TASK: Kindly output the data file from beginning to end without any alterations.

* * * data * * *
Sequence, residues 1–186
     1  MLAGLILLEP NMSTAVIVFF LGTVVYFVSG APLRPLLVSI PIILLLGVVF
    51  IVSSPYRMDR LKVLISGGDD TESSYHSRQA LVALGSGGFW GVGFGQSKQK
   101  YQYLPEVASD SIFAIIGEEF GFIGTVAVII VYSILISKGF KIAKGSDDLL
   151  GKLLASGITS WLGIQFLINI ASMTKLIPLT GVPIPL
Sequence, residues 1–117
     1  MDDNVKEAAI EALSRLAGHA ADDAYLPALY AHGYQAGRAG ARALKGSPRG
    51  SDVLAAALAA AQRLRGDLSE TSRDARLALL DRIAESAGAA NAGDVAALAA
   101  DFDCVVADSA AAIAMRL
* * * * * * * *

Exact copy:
Sequence, residues 1–186
     1  MLAGLILLEP NMSTAVIVFF LGTVVYFVSG APLRPLLVSI PIILLLGVVF
    51  IVSSPYRMDR LKVLISGGDD TESSYHSRQA LVALGSGGFW GVGFGQSKQK
   101  YQYLPEVASD SIFAIIGEEF GFIGTVAVII VYSILISKGF KIAKGSDDLL
   151  GKLLASGITS WLGIQFLINI ASMTKLIPLT GVPIPL
Sequence, residues 1–117
     1  MDDNVKEAAI EALSRLAGHA ADDAYLPALY AHGYQAGRAG ARALKGSPRG
    51  SDVLAAALAA AQRLRGDLSE TSRDARLALL DRIAESAGAA NAGDVAALAA
   101  DFDCVVADSA AAIAMRL